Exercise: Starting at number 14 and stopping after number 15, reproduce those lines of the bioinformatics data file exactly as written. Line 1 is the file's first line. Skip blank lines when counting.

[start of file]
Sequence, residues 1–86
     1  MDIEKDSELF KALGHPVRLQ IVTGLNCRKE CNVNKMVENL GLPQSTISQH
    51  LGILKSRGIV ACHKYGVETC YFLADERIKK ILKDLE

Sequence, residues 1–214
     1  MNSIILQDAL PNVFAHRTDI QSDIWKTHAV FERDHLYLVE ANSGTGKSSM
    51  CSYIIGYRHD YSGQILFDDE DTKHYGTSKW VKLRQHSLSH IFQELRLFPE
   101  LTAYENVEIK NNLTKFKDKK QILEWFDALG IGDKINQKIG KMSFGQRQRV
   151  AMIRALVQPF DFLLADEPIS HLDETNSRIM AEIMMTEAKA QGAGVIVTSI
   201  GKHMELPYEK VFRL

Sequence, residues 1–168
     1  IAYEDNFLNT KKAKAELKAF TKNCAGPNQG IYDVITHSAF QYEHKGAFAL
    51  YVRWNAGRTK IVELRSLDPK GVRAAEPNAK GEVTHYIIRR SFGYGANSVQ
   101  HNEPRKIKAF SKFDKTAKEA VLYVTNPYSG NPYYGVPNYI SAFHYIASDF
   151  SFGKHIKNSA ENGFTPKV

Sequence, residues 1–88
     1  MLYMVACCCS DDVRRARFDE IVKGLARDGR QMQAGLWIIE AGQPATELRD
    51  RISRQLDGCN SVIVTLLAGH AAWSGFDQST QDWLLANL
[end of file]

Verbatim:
   151  SFGKHIKNSA ENGFTPKV

Sequence, residues 1–88